Commentary
A legal precedent on the disclosure of evidence means what a journalist tells the police or other investigators could wind up as Exhibit A in court. A word to the wise – remember, anything you say or do could be used against you. By Dean Jobb.

By Dean Jobb

Few journalists have heard of the Stinchcombe ruling, and that’s not surprising – the case has nothing to do with media law. Yet it has plenty to say about how journalists do their jobs.

R. v. Stinchcombe is the Supreme Court of Canada’s landmark 1991 ruling on the disclosure of evidence to defendants in criminal cases. The court has decreed that a person charged with a crime has the right to see any information the police have collected – witness statements, investigators’ notes and logs, forensic reports and the like – that may be relevant to the charges.

A wide net is cast, and information that points to innocence as well as guilt must be disclosed. In the words of one of the court’s follow-up rulings on the issue, the Crown has a “constitutional and ethical duty to disclose all information in its possession reasonably capable of affecting the accused’s ability to raise a reasonable doubt concerning his innocence.” The goal is to uphold every citizen’s Charter right to make full answer and defence to charges, ensuring defendants are not ambushed with a surprise witness or kept in the dark about evidence that might exonerate them.

Such trial tactics were once common. But in the late 1980s, a Nova Scotia inquiry into Donald Marshall Jr.’s wrongful murder conviction – which was based in part on the suppression of evidence implicating the real killer – recommended new laws to require disclosure. When Ottawa was slow to comply, the Supreme Court took matters into its own hands and used its Stinchcombe ruling to make disclosure the law of the land.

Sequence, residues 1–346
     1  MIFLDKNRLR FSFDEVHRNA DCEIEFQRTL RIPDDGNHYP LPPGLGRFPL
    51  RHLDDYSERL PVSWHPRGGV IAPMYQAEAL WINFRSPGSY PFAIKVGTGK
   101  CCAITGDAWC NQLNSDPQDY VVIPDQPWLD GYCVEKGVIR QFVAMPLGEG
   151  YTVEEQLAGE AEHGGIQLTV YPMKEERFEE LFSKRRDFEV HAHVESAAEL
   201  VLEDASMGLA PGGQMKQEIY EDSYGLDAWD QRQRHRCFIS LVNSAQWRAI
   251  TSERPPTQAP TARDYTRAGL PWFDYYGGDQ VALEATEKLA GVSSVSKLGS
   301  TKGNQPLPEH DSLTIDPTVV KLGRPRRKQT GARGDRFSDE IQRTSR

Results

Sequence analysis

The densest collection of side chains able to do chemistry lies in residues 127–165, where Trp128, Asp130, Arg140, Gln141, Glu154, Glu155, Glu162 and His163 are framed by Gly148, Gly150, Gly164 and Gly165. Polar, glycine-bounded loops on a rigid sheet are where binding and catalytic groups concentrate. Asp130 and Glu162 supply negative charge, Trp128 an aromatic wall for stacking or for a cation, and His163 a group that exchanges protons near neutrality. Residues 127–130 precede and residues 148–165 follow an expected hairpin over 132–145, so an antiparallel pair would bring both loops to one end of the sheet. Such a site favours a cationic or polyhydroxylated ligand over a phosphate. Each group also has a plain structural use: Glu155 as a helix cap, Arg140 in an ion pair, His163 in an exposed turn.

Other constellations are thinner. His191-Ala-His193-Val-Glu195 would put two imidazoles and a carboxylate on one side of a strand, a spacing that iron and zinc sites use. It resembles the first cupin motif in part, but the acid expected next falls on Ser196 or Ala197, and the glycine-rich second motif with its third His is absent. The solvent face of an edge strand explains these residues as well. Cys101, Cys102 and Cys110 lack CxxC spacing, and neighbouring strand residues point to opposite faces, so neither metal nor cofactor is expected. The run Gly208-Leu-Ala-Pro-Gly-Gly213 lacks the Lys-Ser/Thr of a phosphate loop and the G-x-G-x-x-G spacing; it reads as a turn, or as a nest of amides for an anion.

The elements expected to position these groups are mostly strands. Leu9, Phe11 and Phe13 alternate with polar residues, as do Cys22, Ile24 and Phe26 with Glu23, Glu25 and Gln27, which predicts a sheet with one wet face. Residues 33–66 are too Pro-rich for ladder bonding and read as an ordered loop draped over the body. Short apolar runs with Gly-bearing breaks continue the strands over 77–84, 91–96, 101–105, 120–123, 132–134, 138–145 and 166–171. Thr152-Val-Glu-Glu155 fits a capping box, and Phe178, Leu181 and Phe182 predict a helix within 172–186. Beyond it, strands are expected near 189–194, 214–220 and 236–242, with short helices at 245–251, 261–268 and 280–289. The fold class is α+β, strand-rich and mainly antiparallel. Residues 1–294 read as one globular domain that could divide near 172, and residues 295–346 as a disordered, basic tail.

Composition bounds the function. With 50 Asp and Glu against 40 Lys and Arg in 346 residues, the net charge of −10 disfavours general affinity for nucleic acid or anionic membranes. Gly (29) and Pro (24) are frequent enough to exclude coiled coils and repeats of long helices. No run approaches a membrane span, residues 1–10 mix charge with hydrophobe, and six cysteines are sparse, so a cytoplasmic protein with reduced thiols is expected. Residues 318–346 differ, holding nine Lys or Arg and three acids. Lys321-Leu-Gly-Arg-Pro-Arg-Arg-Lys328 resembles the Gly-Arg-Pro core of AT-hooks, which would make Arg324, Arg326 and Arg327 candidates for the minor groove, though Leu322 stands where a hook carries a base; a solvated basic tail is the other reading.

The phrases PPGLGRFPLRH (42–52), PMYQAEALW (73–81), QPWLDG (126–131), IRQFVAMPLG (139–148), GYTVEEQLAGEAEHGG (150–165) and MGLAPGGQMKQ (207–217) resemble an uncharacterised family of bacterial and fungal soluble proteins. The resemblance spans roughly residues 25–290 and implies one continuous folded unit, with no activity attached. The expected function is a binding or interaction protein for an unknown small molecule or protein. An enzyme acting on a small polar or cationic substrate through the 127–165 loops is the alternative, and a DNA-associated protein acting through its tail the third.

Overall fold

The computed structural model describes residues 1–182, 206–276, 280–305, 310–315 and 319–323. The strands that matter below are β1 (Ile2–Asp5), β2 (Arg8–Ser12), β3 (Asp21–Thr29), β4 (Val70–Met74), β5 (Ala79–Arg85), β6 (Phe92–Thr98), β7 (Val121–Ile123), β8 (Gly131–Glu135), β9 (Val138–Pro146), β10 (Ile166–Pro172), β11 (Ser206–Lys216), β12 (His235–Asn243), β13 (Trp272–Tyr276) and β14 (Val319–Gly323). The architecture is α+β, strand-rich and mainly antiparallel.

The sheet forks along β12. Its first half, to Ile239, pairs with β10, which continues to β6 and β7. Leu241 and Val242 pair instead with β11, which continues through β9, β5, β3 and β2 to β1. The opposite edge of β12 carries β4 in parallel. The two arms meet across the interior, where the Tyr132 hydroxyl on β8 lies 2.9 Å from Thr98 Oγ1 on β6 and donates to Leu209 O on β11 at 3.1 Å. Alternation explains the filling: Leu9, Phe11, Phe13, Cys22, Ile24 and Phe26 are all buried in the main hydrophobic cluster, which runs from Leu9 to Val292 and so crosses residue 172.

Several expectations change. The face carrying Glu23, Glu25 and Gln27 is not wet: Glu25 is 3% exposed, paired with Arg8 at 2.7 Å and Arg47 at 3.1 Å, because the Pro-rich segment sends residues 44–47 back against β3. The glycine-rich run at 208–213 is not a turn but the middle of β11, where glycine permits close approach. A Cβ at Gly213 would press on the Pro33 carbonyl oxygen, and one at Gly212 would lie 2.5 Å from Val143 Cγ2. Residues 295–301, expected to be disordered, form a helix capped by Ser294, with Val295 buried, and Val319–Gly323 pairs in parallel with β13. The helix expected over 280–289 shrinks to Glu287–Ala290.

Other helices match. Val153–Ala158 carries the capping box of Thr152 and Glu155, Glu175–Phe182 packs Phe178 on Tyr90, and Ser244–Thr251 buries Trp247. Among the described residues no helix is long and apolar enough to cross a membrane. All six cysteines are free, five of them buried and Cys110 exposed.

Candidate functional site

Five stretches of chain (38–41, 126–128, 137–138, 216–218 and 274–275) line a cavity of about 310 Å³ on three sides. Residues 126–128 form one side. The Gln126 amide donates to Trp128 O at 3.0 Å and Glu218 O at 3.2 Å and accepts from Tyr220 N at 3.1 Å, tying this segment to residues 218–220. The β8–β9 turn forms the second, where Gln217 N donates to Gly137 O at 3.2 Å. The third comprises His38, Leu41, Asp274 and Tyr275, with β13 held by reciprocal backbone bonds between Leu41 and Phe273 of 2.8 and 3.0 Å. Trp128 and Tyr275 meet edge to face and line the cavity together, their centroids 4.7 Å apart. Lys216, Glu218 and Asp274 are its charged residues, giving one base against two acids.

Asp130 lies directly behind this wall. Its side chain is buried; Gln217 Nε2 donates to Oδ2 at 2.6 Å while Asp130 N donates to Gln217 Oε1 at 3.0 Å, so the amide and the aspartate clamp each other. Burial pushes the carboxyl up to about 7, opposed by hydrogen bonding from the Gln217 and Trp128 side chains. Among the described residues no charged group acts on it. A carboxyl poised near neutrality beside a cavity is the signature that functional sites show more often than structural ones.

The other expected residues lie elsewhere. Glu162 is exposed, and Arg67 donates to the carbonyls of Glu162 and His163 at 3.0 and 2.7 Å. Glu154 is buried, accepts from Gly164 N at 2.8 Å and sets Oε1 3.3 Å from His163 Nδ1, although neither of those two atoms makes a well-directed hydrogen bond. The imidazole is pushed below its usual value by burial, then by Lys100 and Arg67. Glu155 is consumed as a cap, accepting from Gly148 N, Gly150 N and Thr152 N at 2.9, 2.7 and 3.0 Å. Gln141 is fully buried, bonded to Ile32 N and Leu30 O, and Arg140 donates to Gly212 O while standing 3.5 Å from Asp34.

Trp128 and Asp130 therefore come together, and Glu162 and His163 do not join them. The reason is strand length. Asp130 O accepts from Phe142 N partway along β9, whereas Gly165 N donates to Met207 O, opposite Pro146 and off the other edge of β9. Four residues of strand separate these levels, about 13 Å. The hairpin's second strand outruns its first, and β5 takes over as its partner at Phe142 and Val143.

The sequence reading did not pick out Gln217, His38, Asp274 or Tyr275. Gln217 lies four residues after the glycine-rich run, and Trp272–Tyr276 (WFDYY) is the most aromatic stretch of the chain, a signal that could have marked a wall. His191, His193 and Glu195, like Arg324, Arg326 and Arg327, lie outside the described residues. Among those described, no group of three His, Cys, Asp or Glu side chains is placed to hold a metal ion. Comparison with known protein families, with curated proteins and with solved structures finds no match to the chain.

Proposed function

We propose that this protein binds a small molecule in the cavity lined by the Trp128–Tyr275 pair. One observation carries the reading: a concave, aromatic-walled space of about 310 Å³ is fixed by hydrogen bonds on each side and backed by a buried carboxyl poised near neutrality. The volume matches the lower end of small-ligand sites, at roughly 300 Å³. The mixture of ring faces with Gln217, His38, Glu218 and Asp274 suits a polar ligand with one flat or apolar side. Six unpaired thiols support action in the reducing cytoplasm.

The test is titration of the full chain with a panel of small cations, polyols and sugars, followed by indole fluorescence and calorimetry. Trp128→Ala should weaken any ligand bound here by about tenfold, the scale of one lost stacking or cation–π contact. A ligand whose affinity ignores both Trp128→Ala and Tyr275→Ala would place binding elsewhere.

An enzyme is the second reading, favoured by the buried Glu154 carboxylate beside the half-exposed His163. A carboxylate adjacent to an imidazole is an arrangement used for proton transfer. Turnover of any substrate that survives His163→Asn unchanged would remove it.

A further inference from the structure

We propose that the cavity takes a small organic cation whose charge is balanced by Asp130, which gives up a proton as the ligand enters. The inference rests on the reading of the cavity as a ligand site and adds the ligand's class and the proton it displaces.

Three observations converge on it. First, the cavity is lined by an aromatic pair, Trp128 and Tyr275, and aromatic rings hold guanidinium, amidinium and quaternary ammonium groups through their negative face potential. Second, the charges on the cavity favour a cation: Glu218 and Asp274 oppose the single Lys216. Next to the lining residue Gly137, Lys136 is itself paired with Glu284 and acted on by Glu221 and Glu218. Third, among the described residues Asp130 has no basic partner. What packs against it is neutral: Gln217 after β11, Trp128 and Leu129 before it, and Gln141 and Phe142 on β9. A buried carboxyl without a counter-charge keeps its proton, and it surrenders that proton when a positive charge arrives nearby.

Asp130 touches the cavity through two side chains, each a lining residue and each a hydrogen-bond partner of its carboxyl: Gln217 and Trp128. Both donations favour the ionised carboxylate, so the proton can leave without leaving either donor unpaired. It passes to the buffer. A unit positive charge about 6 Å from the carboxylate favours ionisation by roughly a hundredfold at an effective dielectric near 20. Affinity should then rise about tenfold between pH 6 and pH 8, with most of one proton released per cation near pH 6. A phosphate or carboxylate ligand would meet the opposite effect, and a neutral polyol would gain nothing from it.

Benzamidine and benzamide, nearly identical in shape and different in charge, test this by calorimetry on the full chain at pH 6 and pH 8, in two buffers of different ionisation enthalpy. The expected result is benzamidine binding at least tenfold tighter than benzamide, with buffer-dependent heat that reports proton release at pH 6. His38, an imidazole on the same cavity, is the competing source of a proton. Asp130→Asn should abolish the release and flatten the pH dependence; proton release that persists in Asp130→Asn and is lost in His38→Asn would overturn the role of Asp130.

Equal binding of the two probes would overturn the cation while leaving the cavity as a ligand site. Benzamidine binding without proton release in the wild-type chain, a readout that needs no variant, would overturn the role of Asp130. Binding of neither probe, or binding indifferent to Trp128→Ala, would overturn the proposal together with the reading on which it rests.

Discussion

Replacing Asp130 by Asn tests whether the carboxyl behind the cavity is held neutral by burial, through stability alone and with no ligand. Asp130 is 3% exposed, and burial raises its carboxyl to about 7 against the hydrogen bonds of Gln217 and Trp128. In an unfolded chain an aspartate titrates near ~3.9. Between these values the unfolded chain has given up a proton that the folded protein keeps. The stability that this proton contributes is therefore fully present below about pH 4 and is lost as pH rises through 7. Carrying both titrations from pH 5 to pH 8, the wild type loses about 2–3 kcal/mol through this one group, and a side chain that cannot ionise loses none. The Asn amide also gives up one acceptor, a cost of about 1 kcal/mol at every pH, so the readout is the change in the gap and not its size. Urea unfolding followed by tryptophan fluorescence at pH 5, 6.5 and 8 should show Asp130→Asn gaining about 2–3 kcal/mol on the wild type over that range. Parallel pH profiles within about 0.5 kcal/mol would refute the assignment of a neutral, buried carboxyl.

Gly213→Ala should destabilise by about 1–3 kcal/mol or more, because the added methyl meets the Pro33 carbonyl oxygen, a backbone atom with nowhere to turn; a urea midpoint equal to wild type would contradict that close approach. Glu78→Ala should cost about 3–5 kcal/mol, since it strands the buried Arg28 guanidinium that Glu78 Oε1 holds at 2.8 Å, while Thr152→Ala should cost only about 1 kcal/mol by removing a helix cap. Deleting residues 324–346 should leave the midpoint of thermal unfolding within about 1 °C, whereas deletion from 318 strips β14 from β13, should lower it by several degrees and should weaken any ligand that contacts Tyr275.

As journalists who cover the courts can attest, disclosure has become a major battleground in many criminal cases as defence lawyers demand more information and judges are called on to decide what evidence is relevant as what is not. Police forces keep meticulous records of what they find as an investigation unfolds and, if charges are filed, the defendant has a right to see who was interviewed and what each person said. This right of disclosure applies to other types of prosecutions, whether it be a company charged with polluting a river or a stockbroker accused of insider trading.

And that’s why every journalist needs to understand how the Stinchcombe ruling affects the way they deal with police and other investigative agencies. Any information you exchange with a police source – no matter how informal the setting or trivial you may consider the information – could wind up as evidence in a court case or in the hands of a defendant with a score to settle with the media.